Many, many children and adults have wondered aloud, upon first learning about the king of dinosaurs Tyrannosaurus Rex, why these powerful, extinct beasts had such short, stubby little arms. Well, a longtime UC Berkeley professor has a new answer.
Kevin Padian, distinguished emeritus professor of integrative biology at the University of California, Berkeley, and a curator at the UC Museum of Paleontology (UCMP), thinks that paleontologists to date have been coming at the stubby-arm question all wrong. Evolutionarily, Padian thinks, it may be wrong to think about what those short arms evolved to do, but rather what they evolved to get out of the way of.
As UC Berkeley News reports, Padian’s new theory has been published in Acta Palaeontologia Polonica, and it goes like this: What if tyrannosaurs with shorter forelimbs had a biological advantage over longer-armed counterparts when it comes to how the animals would feed?
“What if several adult tyrannosaurs converged on a carcass? You have a bunch of massive skulls, with incredibly powerful jaws and teeth, ripping and chomping down flesh and bone right next to you. What if your friend there thinks you’re getting a little too close? They might warn you away by severing your arm,” Padian explains. “So, it could be a benefit to reduce the forelimbs, since you’re not using them in predation anyway.”
All the previous hypotheses about why T.Rex had short arms only can explain why they would maintain those short arms over generations, Padian says. Among the theories were that they were helpful somehow in mating, or that they used them to tip over triceratops.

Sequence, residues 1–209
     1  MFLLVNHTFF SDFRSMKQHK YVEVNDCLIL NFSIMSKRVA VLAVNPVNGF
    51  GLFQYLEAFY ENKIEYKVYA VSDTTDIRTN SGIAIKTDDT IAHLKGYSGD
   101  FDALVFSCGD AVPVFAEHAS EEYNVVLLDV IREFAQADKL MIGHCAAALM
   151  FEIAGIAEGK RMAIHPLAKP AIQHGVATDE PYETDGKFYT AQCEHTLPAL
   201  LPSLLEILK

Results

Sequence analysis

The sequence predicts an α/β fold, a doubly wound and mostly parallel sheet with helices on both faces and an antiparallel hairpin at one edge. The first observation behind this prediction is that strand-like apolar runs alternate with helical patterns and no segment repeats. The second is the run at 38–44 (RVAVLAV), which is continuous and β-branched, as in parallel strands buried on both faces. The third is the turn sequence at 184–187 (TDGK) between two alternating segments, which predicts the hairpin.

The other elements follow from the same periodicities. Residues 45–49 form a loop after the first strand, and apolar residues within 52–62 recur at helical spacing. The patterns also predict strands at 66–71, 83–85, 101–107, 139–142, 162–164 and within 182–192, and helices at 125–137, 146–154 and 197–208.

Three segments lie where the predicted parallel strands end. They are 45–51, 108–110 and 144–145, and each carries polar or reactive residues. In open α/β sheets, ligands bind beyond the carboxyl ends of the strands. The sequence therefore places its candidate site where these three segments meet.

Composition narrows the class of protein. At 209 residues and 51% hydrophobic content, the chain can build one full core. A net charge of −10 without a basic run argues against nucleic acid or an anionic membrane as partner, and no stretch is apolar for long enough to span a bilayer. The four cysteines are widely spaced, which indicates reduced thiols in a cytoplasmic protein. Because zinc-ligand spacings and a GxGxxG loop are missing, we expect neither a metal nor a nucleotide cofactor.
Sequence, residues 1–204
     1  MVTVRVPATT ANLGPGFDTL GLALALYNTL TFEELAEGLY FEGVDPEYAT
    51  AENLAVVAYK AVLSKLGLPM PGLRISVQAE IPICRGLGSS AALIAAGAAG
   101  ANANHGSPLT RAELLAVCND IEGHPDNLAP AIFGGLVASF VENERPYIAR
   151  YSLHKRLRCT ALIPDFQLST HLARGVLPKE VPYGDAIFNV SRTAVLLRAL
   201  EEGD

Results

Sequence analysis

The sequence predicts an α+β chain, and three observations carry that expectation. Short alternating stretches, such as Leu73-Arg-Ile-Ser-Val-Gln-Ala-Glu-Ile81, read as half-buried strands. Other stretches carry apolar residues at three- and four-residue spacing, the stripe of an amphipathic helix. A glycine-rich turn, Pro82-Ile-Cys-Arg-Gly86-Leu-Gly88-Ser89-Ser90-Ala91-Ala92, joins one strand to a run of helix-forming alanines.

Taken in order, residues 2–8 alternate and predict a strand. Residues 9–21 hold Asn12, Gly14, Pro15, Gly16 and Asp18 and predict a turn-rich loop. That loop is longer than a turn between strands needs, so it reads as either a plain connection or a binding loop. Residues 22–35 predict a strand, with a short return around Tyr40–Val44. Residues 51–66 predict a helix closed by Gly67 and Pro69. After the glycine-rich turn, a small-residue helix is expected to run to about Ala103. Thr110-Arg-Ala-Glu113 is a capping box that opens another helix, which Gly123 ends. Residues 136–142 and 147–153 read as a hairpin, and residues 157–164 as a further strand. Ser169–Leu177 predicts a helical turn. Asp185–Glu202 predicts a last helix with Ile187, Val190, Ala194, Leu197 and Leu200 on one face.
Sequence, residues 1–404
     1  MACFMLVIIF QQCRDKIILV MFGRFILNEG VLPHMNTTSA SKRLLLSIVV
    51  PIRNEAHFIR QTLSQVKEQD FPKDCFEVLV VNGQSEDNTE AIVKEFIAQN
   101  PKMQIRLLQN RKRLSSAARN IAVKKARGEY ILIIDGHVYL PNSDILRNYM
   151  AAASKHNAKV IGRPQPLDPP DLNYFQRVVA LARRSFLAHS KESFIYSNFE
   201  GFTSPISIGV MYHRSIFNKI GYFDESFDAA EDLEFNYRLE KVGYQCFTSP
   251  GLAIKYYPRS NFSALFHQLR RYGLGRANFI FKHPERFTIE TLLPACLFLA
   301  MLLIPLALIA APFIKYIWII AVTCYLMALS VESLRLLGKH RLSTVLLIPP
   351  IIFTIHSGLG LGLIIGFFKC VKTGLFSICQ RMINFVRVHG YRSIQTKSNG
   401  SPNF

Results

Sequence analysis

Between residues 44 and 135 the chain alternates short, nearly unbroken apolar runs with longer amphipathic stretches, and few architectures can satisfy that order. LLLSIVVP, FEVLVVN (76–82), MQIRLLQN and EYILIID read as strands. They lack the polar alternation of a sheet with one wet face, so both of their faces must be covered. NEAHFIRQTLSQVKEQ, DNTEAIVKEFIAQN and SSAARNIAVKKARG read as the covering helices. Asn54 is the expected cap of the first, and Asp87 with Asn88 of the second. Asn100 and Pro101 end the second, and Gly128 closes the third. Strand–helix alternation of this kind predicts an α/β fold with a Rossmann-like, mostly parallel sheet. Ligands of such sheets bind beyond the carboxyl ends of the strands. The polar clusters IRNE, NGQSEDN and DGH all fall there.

Padian’s theory, he says, would explain why the predecessors of T.Rex had longer arms, and why evolution shortened them in T.Rex and similar species around the globe.
He notes that a Tyrannosaurus who’s just had his long arm ripped off would likely die quickly from hemorrhaging, shock, or possible infection. So the surviving T Rexes with shorter forelimbs were more successful and more able to propagate.
It’s only in recent years that paleontological evidence has led to the belief that Tyrannosaurus Rex was a pack animal, and likely hunted and fed in groups. This idea led Padian directly to the new hypothesis.
“Several important quarry sites unearthed in the past 20 years preserve adult and juvenile tyrannosaurs together,” Padia tells UC Berkeley News. “We can’t really assume that they lived together or even died together. We only know that they were buried together. But when you find several sites with the same animals, that’s a stronger signal. And the possibility, which other researchers have already raised, is that they were hunting in groups.”
Further testing of the short-arm theory is going to be required, Padian says, and will take a kind of crowd-sourcing.
“Bite wounds on the skull and other parts of the skeleton are well known in tyrannosaurs and other carnivorous dinosaurs,” Padian said. “If fewer bite marks were found on the reduced limbs, it could be a sign that reduction worked.”
Photo: Markus Spiske